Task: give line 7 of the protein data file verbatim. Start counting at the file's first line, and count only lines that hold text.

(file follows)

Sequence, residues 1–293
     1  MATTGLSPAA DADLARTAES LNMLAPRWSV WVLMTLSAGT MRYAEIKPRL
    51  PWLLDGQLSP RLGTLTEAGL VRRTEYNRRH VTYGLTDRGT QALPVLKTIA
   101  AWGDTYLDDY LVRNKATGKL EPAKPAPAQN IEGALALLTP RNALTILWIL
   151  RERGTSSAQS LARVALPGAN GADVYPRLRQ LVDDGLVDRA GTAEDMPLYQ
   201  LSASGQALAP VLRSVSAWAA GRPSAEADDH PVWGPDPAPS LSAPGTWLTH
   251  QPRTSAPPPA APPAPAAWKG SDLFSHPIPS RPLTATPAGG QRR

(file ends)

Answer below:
   251  QPRTSAPPPA APPAPAAWKG SDLFSHPIPS RPLTATPAGG QRR